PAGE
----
Article by Lauren Jones, originally published in Austin Woman Magazine.
Austin Woman: In your professional opinion, what are the top sexual-health concerns for women in their 20s and 30s?
Dr. Saima Jehangir: [The biggest concerns are a] lack of knowledge of their own reproductive systems, either due to poor health curriculum, cultural taboo or lack of reliable resources. Women need to empower themselves with knowledge of how their body works. The other main concern, which is universal, is lack of access to affordable, quality health care.
AW: Explain the biggest risk factors for women in regard to sexual health.
SJ: Currently, women are exercising their sexual freedom but not taking the precautions necessary to be safe. Every week, I see sexually transmitted diseases that can be avoided by taking the appropriate precautions.
AW: Human papillomavirus is the most common sexually transmitted infection. Should women be concerned?
SJ: No, no reason to be concerned, but definitely a reason to get educated. HPV has always been there. We just now know more about it and are learning more every year.
AW: How can women protect themselves against contracting HPV?
SJ: It’s difficult not to contract HPV if you are sexually active…because 75 to 80 percent of the population has HPV. However, being selective about who you have sex with and using condoms can reduce the chance of being exposed to a particularly aggressive virus. The HPV vaccine can reduce your chance of contracting a strain…that could lead to cervical cancer or genital warts. … Often, lifestyle modification, stress reduction [and the]right supplements can help clear the virus so it doesn’t do any damage.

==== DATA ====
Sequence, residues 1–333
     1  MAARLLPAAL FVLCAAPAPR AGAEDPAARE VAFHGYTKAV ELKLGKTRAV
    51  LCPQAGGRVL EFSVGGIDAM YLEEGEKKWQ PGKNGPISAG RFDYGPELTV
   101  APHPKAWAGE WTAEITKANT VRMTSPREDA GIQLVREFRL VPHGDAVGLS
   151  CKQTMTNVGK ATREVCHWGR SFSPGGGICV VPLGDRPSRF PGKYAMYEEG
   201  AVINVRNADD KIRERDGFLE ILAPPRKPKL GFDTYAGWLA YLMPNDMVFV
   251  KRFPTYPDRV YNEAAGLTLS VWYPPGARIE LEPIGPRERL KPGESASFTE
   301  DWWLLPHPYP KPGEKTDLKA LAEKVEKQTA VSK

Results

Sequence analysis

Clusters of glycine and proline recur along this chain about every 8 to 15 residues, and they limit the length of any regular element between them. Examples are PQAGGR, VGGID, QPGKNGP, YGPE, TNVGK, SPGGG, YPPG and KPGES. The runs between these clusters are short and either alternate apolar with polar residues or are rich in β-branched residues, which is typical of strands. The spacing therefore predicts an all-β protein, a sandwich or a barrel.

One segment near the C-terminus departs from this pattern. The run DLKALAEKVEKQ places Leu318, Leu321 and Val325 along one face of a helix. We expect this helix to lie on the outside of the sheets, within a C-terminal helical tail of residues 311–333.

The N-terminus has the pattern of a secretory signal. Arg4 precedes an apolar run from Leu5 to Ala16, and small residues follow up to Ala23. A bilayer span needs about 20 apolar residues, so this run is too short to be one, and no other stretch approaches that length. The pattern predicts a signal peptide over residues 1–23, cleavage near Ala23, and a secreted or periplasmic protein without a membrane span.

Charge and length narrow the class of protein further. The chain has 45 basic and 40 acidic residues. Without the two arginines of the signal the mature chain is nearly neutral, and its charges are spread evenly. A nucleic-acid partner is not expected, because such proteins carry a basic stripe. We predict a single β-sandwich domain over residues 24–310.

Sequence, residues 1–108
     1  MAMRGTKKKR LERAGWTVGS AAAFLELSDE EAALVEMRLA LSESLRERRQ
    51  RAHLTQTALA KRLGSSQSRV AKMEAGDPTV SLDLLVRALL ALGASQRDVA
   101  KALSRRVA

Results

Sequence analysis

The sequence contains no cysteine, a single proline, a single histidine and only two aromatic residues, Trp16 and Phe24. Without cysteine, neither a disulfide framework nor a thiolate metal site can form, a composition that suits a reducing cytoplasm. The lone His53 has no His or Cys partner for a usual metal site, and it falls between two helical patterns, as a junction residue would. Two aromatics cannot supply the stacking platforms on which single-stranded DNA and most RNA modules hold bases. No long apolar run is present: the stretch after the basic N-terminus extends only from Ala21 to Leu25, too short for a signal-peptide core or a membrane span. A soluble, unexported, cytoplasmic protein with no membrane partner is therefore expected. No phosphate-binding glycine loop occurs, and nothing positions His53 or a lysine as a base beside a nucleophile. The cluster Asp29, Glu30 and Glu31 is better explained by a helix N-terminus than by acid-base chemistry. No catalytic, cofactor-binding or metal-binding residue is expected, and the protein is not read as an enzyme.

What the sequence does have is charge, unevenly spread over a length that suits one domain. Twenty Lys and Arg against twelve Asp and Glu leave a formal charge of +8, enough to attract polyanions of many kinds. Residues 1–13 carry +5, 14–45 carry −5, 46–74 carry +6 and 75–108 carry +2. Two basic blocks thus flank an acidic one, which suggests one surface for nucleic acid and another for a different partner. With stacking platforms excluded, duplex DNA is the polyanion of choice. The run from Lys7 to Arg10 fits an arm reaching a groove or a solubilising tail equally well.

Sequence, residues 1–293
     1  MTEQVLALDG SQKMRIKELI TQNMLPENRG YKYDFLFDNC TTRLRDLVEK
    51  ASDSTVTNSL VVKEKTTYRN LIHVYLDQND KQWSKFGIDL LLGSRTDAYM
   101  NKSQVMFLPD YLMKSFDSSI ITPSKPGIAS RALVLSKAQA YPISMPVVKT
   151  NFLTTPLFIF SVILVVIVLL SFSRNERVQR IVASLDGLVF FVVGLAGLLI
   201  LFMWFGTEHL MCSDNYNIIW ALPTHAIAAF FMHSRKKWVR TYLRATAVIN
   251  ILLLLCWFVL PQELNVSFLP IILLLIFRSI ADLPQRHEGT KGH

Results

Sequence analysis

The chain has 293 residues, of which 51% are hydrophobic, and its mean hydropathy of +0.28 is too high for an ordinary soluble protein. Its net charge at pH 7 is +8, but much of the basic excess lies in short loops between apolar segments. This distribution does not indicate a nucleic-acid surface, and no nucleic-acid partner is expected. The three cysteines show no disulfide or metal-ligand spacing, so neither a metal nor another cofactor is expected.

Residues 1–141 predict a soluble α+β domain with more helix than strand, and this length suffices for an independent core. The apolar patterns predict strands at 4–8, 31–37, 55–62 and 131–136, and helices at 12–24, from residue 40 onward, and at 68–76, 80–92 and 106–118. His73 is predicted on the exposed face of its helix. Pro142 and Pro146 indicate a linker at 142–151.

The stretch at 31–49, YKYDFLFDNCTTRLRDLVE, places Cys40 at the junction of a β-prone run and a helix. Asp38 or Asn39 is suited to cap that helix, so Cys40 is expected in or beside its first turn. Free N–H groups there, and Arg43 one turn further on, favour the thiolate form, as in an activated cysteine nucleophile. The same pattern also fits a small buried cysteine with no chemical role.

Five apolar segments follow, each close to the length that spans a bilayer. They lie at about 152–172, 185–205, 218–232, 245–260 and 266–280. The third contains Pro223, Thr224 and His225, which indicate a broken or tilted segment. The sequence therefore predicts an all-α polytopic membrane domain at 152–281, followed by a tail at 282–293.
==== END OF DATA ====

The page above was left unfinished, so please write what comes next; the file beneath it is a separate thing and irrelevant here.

AW: Birth control is a widely discussed topic in women’s health. Is there a certain type of birth control you’d recommend?
SJ: There are so many great options and it really needs to be individualized to the patient. Making an appointment to discuss all of your options is a great place to start. Planned Parenthood has an amazing website that does a lot to educate patients.
AW: For those looking to start a family, are there any tests you’d recommend to check fertility, risks, etc.?
SJ: Once again, there isn’t a one-size-fits-all [test]. It’s important to know your family history. Speak with your mom about her pregnancies. At Thanksgiving and Christmas, talk to your family about any genetic issues that may run in the family, and if there is something concerning, consider preconception counseling with a high-risk-pregnancy specialist. As for fertility, we define infertility as the inability to get pregnant after one year of actually trying. Infertility specialists do have methods of identifying if you are sub-fertile, but honestly, reducing your stress, eating healthy and knowing when you are ovulating is still the best way to get pregnant. The takeaway is that your health is in your hands.